On March 20, the Philosophy Club gathered in Margaret Brent Hall, the new home of the Department of Philosophy and Religious Studies, to enter into a discussion of the spiritual or karmic cost of killing other human beings. Mike McCabe, a former Navy SEAL and local resident, opened the discussion by sharing his own personal experiences of the effects of killing.
McCabe had been coming to the Philosophy Club’s meetings for about a year and enjoyed its discussions, which led him to ask if he could speak about his observations of the cost of killing. “I have never killed anyone,” he said, “so my observations have been just that: observations.”
Through his observations, McCabe has concluded that, “yes, there is a cost. We can postpone it for a limited time, but we can’t put it off for a lifetime without something negative happening.” This cost, he says, stems from a lack of compassion that is incurred from the experience of killing.
“People who have experienced [killing] become closed, and won’t open up to family members,” McCabe explained. “They will only open up to people with this shared experience, and therefore they become a sociopathic group of people.”
Most of the SEALs McCabe encountered had fought in Vietnam, where they learned that,“if [a SEAL shows] a minute of hesitation, he is driven from the pack.” As a result of the isolation, McCabe said that SEALs face a lack of empathy with others until they do integrate their past lives with their present lives.
In Vietnam, a friend of McCabe’s was responsible for handling the prisoners of war. He was told by his superiors to,“take care of the prisoner.” When his group returned to the boat without any prisoner, they realized that McCabe’s friend had thought they meant, “kill the prisoner.” From this communication breakdown, McCabe said that, “new protocol was put in place that said you were not allowed to say ‘take care’ of someone,” to avoid any mistakes.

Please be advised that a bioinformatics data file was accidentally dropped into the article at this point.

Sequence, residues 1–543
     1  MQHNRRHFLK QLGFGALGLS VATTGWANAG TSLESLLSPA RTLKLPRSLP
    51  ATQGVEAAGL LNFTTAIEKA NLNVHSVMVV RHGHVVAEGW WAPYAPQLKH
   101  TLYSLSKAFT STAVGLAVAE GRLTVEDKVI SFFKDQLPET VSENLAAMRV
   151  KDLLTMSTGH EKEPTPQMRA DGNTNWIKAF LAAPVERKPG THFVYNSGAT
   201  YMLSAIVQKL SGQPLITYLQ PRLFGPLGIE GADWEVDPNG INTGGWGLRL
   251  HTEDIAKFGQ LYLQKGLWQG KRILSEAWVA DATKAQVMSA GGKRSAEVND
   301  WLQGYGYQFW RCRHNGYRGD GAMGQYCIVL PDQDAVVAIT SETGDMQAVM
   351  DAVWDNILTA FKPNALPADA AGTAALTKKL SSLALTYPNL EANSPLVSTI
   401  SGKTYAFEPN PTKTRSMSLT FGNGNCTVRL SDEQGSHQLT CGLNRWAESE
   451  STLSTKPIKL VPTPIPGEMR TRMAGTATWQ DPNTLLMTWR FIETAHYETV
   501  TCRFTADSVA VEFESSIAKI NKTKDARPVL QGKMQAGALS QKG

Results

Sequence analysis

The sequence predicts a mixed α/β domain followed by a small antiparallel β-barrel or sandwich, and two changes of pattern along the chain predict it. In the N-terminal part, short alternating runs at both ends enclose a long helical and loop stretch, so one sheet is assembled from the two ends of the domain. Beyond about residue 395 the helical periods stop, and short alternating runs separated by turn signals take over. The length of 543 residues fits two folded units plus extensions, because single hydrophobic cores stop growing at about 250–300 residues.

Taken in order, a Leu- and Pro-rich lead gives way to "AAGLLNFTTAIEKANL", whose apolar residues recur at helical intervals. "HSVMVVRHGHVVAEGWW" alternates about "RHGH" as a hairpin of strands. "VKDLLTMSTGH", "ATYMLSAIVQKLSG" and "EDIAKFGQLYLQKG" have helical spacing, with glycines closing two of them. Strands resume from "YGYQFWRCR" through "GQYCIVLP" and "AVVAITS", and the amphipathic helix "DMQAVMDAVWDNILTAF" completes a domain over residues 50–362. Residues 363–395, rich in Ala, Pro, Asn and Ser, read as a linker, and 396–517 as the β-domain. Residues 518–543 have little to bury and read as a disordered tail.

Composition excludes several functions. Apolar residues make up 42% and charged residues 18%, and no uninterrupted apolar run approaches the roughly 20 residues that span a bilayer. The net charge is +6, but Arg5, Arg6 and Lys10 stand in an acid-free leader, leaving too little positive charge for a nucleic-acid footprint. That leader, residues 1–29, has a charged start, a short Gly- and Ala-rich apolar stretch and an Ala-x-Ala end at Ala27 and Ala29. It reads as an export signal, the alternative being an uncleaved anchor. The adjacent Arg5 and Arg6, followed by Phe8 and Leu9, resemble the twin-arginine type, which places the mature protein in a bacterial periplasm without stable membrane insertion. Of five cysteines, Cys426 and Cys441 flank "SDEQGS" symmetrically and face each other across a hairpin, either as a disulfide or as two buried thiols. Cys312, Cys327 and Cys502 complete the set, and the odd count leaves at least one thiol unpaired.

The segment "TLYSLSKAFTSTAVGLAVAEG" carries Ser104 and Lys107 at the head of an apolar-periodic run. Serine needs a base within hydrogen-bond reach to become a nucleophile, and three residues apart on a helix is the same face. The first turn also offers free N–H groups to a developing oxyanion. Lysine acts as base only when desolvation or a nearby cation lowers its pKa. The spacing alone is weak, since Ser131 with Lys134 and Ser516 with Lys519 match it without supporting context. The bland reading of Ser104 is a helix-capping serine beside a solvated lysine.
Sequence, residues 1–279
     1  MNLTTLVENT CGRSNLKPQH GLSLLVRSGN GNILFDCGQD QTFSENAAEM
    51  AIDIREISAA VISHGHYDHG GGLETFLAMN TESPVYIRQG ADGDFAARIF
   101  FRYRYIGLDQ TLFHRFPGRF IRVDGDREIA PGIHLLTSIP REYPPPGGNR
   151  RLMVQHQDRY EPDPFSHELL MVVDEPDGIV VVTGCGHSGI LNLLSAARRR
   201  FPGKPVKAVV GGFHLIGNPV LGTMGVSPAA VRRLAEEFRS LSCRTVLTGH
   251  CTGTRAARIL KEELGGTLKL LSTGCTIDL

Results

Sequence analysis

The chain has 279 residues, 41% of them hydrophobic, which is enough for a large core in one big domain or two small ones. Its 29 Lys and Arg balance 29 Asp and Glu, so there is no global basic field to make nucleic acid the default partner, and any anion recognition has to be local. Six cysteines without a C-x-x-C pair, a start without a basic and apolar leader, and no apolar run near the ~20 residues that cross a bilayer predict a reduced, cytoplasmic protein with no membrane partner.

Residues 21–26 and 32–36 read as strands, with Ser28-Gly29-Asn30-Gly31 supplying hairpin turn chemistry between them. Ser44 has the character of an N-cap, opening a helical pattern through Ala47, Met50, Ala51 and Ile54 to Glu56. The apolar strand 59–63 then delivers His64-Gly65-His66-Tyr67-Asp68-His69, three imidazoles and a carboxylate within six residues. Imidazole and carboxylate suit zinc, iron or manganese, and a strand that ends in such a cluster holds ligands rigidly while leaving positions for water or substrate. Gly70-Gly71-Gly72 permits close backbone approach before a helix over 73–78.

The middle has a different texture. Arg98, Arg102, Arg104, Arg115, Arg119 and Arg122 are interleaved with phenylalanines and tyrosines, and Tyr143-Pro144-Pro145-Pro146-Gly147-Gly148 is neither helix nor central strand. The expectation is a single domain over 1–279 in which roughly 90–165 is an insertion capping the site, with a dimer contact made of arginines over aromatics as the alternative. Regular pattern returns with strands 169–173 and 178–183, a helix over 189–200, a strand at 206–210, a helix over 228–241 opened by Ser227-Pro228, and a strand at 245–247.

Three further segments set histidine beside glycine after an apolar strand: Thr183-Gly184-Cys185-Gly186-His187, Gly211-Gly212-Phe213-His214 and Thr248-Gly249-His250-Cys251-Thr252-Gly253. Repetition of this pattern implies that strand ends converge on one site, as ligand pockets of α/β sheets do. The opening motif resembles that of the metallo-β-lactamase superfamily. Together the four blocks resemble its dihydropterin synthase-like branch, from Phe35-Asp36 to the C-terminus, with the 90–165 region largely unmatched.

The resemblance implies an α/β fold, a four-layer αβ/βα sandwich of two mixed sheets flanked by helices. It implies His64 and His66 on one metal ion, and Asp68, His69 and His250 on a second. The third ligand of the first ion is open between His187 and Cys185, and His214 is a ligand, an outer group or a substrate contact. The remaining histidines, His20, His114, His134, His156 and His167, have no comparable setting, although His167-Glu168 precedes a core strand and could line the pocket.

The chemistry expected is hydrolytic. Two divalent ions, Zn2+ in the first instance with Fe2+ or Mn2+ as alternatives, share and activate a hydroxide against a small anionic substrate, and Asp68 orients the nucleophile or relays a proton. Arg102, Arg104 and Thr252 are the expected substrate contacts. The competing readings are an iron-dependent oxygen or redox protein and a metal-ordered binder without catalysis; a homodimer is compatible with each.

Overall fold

This friend became a postman after he left the Navy. While delivering mail one day, an elderly woman’s German shepherd charged him, causing him to react by pulling out a pocketknife and killing the dog. McCabe said this was an example of a serviceman who failed to “integrate into regular life,” after being in fatal situations for so long.
A pilot friend of McCabe’s fought in the Persian Gulf War, and was the first or second pilot to bomb the, “road of death,” in Kuwait- the route through which the Iraqi troops would invade. This massacre was so devastating that the George H.W. Bush administration had the operation end there. This pilot left the Marines and even considered leaving aviation altogether because he did not want any reminder of the guilt he endured of having to overcome the military’s unspoken, “no hesitation,” rule.
McCabe also spoke about his father, who fought in the Korean War in Task Force Faith, a group whose goal was to push past the Chinese troops blocking their route into Korea. Ninety percent of the casualties were Chinese. Towards the end of his father’s life, McCabe told him he had always been a hero to him. In response, his father said, “Some of those heroes wore pajamas,” a reference to the quilted uniforms that Chinese and Korean soldiers would wear.
McCabe recalled that his father was never, “warm and fuzzy,” and regained his ability to be compassionate after the birth of McCabe’s brother, who was close to death as an infant. His father’s words as he himself was near death revealed that he became more integrated into regular society, as he was willing to talk about his experiences. According to McCabe, a soldier’s, “willingness to talk about his experience shows he is more integrated.”
The struggles of these men were humanized when McCabe said, “All three of these men wrestled with admitting they had a problem, and had trouble explaining why they killed for a good reason. You don’t just kill to waste bullets; it’s for the guy sitting next to you. Even though you are killing for good and necessary reasons, your pieces of humanity are still numbed by doing something against nature, and you are unable to cope with it until integration is achieved.”
Senior Michael Virga said that, “compared to other Philosophy Club meetings, this was on point and in depth with the topic we were discussing, and I’m happy that so many people came.”
Sophomore Kayleigh Doherty also found the talk to be fascinating. “Mike McCabe’s philosophy club discussion on killing was very enlightening to me,” she said. “Many students at St. Mary’s are from military families, although no one in my family has a military background. Even though I have heard stories about the affects of killing, it was great to hear about it from someone who has so much experience with people who have killed in war.”